A subsidiary of the University Medical Center Hamburg-Eppendorf

DNA Strang

Research resources

The Martini-Klinik uses an extensive database of more than 34,000 past patients to research and develop new diagnostic and treatment methods for prostate cancer. This pool of data is one of the world’s most important databases for research projects.

Networked information: the database 

Our database stores disease-related information on patients who have been diagnosed with prostate carcinoma and complies with stringent statutory requirements for data protection.
In addition to data such as the patient’s PSA level, age and precise details of their tumour diagnosis before treatment, we also record the results of the histological examination of the removed prostate. Following treatment, we are primarily interested in our patients’ quality of life, particularly given the potential risks to their potency and continence. This information remains useful to us even years after surgery and plays a decisive role in the development of new treatments. We also analyse responses regarding diet and exercise as part of our research into cancer prevention.
In addition to supporting research, the data we collect is also vital for our in-house quality control processes. In general, a consultant performing surgery will not find out what happened to their patients through the years, as their usual doctors will oversee their post-surgical care. Here at the Martini-Klinik, our surgeons use the data we collect to monitor, compare and continuously improve their treatment outcomes in terms of patients’ potency and continence. This approach, which aims to maximise patients’ wellbeing, is not standard practice anywhere else around the world.


Accompanies you through this topic

Prof. Dr. Derya Tilki
Faculty member

Searching for potential tumour markers: the biomaterial bank

When taking blood samples before a biopsy or radical prostatectomy, in cases of advanced prostate cancer and when measuring a patient’s PSA level, we request an additional sample for our biomaterial bank. We pseudonymise the samples we collect, which involves replacing the patient’s name and date of birth with a code. Once the blood samples have been processed in a specialist urological lab, we store them at –80°C. This means we can use the samples even years later for scientific analyses, such as to test for potential tumour markers. Our biomaterial bank now includes samples from more than 22,000 patients. People with specific authorisation can connect these pseudonymised samples with information in the database.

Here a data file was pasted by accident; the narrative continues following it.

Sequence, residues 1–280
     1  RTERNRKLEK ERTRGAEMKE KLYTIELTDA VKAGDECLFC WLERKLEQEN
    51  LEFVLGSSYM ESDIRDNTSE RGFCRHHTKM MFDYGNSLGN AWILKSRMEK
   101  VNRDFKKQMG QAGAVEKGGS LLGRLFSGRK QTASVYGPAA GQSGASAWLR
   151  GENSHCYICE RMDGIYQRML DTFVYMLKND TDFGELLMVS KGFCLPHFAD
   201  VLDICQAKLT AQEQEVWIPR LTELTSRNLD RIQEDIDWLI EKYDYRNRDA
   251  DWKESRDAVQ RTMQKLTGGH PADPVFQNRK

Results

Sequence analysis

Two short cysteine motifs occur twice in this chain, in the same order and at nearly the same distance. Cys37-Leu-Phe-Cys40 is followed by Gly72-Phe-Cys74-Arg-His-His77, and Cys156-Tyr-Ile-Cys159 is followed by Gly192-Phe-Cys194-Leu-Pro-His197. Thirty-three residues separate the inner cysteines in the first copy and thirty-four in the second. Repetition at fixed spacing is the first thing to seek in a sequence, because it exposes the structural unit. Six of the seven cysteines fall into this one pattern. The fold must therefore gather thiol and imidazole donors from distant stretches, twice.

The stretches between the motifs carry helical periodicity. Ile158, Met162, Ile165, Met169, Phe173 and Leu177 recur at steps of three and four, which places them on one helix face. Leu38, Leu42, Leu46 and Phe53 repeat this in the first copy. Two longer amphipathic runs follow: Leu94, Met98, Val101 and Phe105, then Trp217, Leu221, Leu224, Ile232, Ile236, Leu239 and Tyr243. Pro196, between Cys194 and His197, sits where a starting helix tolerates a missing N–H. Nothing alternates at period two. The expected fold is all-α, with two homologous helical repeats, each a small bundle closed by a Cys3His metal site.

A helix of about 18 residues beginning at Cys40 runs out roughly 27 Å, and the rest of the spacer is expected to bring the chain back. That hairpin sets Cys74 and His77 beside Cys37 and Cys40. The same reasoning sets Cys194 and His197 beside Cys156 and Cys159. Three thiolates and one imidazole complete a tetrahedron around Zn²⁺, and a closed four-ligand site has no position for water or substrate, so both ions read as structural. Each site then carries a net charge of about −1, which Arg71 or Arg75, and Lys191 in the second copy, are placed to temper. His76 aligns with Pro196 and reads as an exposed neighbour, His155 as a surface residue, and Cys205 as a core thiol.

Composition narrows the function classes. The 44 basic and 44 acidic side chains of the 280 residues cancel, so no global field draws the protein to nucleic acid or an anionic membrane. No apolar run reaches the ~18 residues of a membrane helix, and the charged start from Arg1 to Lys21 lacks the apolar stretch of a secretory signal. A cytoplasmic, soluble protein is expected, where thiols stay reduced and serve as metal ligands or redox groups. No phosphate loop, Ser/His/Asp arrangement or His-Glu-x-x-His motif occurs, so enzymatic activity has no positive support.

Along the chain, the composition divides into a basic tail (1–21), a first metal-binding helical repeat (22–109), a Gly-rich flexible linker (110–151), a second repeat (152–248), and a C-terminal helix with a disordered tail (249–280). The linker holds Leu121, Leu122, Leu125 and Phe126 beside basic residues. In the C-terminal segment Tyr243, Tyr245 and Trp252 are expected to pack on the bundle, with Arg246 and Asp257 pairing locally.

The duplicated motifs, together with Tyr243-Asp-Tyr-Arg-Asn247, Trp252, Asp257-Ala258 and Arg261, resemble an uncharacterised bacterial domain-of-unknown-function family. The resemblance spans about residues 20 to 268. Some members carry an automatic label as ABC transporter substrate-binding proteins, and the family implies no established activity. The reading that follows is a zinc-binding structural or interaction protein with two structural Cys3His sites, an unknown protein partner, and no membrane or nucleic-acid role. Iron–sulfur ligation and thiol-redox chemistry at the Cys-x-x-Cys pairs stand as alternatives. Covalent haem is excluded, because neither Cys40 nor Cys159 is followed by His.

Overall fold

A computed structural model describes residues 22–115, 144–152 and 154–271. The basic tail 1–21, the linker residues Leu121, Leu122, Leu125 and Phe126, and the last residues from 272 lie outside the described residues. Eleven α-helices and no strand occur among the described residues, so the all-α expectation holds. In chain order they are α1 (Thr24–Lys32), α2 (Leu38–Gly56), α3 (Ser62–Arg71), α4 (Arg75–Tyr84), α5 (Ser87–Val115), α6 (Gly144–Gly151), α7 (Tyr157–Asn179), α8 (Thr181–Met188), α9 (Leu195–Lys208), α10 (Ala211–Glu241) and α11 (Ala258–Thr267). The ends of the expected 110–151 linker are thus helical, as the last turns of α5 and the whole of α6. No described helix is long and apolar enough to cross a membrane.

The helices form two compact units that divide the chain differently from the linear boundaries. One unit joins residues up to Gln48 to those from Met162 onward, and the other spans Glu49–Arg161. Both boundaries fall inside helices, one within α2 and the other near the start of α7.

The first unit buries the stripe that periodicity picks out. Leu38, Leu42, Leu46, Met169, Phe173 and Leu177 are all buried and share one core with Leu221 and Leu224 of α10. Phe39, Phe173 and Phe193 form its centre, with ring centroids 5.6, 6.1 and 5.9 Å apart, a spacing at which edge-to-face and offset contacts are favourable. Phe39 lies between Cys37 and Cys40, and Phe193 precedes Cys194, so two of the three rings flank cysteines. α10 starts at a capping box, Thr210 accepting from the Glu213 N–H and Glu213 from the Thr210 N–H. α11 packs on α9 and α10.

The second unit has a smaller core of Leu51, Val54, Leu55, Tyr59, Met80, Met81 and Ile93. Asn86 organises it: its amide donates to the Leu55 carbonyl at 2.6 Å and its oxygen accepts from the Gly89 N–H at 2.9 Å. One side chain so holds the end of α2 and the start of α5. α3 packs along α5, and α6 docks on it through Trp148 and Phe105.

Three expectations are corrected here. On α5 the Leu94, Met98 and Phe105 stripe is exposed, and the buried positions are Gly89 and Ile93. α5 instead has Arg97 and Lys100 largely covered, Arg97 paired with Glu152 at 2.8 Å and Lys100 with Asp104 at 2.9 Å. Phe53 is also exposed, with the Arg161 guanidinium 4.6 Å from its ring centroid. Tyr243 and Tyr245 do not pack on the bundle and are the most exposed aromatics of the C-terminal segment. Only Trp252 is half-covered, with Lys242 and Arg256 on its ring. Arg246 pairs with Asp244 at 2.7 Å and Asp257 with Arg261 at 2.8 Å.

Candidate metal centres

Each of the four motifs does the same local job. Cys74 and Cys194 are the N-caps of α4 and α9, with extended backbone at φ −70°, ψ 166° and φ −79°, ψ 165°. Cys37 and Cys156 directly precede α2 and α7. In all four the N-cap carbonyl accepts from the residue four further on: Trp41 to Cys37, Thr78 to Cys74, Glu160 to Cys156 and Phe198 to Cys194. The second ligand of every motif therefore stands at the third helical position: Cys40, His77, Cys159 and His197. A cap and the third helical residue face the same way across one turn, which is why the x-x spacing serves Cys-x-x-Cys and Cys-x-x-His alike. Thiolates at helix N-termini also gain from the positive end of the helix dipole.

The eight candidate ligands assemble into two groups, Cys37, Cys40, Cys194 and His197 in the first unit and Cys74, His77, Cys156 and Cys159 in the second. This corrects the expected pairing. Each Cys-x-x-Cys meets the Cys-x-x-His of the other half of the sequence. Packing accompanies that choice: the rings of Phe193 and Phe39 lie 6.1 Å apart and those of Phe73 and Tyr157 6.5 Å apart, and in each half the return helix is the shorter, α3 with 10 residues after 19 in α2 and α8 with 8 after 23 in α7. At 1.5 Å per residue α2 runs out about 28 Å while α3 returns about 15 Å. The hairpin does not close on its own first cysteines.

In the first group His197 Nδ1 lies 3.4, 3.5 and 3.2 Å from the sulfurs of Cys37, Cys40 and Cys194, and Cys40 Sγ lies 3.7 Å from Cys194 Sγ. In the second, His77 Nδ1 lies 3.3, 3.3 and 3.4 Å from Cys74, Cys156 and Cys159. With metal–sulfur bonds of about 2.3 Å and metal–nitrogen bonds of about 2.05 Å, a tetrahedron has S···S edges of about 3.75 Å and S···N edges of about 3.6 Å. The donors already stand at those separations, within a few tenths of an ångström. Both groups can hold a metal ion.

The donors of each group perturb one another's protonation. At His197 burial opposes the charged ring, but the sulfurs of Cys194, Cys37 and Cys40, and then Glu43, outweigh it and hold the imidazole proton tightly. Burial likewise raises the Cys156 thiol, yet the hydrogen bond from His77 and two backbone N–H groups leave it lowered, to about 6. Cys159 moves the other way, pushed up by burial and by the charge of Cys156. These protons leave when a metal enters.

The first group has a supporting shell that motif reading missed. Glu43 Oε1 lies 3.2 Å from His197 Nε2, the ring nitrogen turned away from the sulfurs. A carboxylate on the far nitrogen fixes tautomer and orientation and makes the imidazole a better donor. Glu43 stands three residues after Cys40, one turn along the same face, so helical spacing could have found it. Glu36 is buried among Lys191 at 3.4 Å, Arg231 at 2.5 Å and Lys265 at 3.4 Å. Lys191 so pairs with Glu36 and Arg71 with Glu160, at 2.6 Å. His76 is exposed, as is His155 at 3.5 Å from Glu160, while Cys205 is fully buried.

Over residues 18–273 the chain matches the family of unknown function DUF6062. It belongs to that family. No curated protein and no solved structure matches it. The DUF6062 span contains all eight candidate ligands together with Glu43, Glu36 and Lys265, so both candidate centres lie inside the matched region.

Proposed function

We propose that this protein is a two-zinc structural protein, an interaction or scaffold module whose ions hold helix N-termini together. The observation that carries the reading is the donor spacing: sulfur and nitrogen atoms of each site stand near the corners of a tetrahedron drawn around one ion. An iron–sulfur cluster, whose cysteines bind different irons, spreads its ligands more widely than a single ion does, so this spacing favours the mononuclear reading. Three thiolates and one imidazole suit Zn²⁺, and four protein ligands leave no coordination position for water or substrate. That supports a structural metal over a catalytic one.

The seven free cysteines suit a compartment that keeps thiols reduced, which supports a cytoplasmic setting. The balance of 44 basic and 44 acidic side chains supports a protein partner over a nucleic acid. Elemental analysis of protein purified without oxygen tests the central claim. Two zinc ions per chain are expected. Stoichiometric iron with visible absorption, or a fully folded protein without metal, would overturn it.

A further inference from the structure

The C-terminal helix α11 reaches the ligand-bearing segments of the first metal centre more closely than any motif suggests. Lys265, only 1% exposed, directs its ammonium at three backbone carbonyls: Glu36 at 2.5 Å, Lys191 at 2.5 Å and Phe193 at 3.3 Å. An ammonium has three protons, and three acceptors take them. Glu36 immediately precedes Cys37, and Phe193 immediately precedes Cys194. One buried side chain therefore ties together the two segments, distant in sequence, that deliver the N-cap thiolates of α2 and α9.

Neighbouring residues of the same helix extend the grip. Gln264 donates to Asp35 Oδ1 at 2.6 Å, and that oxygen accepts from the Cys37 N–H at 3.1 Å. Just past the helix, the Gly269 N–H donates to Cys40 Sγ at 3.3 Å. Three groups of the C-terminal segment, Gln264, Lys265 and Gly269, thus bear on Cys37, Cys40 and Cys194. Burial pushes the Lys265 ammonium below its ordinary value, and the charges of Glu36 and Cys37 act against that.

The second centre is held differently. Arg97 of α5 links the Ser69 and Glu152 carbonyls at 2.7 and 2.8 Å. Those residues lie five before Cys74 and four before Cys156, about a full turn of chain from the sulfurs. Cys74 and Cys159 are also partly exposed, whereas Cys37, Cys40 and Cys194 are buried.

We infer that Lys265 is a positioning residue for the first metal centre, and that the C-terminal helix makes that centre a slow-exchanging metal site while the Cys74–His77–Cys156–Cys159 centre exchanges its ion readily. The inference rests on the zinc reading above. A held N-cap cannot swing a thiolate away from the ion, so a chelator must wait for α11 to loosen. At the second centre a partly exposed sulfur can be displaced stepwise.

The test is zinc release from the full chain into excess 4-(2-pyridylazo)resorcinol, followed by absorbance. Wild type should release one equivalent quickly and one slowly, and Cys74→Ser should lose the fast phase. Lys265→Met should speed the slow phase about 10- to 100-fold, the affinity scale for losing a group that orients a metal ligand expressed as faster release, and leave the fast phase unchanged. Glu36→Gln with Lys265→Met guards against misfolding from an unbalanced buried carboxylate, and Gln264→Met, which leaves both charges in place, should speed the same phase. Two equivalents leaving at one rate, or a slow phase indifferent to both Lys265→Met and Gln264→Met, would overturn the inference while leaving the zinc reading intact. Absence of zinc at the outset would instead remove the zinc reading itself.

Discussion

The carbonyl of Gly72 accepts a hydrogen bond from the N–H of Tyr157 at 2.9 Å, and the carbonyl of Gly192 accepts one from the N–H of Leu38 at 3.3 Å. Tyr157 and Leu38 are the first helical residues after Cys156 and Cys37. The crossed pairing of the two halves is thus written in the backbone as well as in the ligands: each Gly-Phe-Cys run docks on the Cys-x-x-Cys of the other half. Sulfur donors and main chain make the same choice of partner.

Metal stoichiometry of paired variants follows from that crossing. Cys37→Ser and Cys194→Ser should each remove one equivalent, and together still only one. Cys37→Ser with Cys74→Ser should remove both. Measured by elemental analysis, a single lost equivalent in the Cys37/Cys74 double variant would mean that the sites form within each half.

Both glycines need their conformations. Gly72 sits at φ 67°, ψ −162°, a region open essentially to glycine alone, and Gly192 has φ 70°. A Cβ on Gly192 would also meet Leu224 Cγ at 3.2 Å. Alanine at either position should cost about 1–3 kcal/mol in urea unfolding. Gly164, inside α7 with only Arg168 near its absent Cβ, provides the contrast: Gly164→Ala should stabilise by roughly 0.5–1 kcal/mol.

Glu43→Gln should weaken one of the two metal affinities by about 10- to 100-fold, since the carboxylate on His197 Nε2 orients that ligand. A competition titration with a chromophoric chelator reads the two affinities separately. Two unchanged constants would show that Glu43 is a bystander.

From molecular changes to personalised treatment: the tissue bank

Research into diseases and disorders is never complete. Many of the mechanisms related to prostate carcinoma remain obscure. In addition to our biomaterial bank, the tissue bank at the University Medical Centre Hamburg-Eppendorf (UKE) is the central resource used to research prostate carcinoma at the Martini-Klinik. More than 18,000 samples of prostate cancer tissue lay the foundations for numerous research projects to identify as yet unknown genetic mechanisms of prostate carcinoma.

The tissue microarrays (TMA) form the beating heart of the tissue bank. A working group supported by the Martini-Klinik and the Institute for Pathology at UKE has produced tissue chips with the aim of providing long-term prognoses for prostate cancer patients. These chips can carry tiny tissue samples from thousands of prostate tumours. This makes it possible to examine numerous tumours swiftly and precisely to identify any genetic changes. We use the results of these analyses in research into potential new medications for prostate cancer. Changes in the cells responsible for the formation and aggressiveness of prostate cancer tumours can be analysed at the molecular level and also serve as starting points from which to develop new treatments.